Marsala is also the name of the local sweet, dessert wine that made this town famous. Since 2013 Marsala is a “European City of Wine.”

For more touristic information please visit https://www.visitsicily.info/

Treatment Hours

Monday, Wednesday, Friday, Saturday

07:00 19:00

Tuesday, Thursday

07:00 13:00




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Clinic Team

Rallo, Daniela

Medical director

Maniscalco, Antonio

Head Nurse

"I am really grateful to the entire team at the clinic for how they are handling such a difficult situation! Covid has changed you only for the better. Thank you"
Busting myths! Disinformation has been circulating online regarding a number of risks of receiving the COVID-19 vaccination that are simply not true.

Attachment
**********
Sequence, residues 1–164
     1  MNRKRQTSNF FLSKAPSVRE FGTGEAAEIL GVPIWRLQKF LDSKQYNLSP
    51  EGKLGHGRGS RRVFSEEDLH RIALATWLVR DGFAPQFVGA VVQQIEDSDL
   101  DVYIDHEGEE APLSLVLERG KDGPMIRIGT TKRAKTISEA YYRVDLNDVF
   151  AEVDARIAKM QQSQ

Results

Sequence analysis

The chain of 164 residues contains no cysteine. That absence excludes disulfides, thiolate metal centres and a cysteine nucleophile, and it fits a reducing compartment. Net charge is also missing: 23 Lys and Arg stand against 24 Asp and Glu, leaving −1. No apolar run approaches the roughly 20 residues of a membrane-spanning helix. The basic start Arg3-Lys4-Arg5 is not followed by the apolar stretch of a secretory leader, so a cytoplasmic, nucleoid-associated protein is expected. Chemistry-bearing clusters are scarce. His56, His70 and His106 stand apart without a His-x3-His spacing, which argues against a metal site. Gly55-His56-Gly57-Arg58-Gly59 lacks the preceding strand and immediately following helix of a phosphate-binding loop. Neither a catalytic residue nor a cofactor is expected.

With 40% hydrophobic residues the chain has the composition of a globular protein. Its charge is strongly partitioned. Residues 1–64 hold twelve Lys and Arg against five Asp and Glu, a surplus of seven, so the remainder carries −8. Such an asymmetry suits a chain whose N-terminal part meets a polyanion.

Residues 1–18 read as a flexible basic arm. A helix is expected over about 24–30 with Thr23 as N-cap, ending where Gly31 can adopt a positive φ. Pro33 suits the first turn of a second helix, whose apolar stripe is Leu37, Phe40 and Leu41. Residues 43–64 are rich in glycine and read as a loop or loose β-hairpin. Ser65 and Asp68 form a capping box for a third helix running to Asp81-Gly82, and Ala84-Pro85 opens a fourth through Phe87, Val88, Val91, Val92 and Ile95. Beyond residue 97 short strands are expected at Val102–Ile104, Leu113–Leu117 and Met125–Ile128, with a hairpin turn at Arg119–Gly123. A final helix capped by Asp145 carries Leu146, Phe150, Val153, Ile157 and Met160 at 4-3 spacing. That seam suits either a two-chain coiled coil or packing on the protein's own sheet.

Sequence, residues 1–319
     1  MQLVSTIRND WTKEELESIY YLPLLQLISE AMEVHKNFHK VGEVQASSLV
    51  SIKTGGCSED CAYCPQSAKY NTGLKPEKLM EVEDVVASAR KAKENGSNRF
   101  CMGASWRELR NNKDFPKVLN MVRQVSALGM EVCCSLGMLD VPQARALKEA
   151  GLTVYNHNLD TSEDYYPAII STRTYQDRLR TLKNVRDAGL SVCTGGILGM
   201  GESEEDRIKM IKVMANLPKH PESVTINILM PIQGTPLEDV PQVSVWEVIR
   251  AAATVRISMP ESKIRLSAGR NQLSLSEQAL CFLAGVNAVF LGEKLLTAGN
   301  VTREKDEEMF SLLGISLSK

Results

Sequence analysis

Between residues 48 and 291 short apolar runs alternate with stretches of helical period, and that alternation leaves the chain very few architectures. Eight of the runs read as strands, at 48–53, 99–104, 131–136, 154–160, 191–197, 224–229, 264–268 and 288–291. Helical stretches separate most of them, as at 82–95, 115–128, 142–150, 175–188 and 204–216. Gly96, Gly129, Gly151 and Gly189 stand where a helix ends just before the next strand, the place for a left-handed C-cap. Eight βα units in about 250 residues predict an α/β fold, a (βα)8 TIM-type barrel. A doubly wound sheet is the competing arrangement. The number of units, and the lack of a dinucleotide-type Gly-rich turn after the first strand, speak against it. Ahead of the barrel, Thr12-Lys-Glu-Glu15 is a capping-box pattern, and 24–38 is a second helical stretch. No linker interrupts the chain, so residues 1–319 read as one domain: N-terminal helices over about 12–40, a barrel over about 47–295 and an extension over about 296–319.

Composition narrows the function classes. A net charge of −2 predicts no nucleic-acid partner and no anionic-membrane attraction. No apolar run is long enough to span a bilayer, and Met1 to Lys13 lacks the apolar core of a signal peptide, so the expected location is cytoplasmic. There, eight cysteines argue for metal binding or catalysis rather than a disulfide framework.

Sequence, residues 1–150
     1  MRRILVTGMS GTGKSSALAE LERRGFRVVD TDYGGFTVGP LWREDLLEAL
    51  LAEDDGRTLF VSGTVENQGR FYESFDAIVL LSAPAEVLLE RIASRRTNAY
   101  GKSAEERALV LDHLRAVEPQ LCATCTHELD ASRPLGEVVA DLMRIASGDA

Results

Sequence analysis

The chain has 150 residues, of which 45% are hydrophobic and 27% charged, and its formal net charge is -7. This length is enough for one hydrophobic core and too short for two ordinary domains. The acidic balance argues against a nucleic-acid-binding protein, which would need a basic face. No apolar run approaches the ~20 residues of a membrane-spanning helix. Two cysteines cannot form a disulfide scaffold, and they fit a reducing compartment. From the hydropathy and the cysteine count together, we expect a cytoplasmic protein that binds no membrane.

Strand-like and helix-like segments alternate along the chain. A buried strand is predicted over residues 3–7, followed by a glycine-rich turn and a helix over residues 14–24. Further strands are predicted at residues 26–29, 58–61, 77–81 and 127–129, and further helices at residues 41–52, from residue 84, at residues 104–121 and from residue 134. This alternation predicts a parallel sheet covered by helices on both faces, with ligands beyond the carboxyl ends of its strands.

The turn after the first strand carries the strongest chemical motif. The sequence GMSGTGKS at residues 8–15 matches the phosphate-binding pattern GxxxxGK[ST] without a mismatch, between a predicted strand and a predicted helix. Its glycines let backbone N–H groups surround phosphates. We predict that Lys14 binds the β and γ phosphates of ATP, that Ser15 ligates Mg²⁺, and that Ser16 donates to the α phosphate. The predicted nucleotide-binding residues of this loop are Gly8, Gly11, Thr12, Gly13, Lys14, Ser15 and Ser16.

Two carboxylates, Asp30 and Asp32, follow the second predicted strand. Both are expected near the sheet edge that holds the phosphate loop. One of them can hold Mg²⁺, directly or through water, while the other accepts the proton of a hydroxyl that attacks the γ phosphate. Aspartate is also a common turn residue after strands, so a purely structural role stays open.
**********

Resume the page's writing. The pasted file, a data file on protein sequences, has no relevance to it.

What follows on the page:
The internet and social media present us with a wealth of information as we have never experienced before, but we need to be vigilant and able to separate facts from “fake news” – especially during exceptional times such as the one we are experiencing with the global pandemic. Here are some of the myths around the COVID-19 vaccines and the facts that demonstrate they are not true.

Any vaccine, including COVID-19 vaccines, must pass robust safety tests before they are approved for use, and are then subsequently reassessed periodically once in use. Any approved vaccine in the countries we operate will have had the evidence of safety reviewed in detail by the regulatory authorities prior to being able to vaccinate any person. The COVID-19 vaccines have been tested in some of the largest clinical trials that have ever been performed with vaccines, involving tens of thousands of individuals.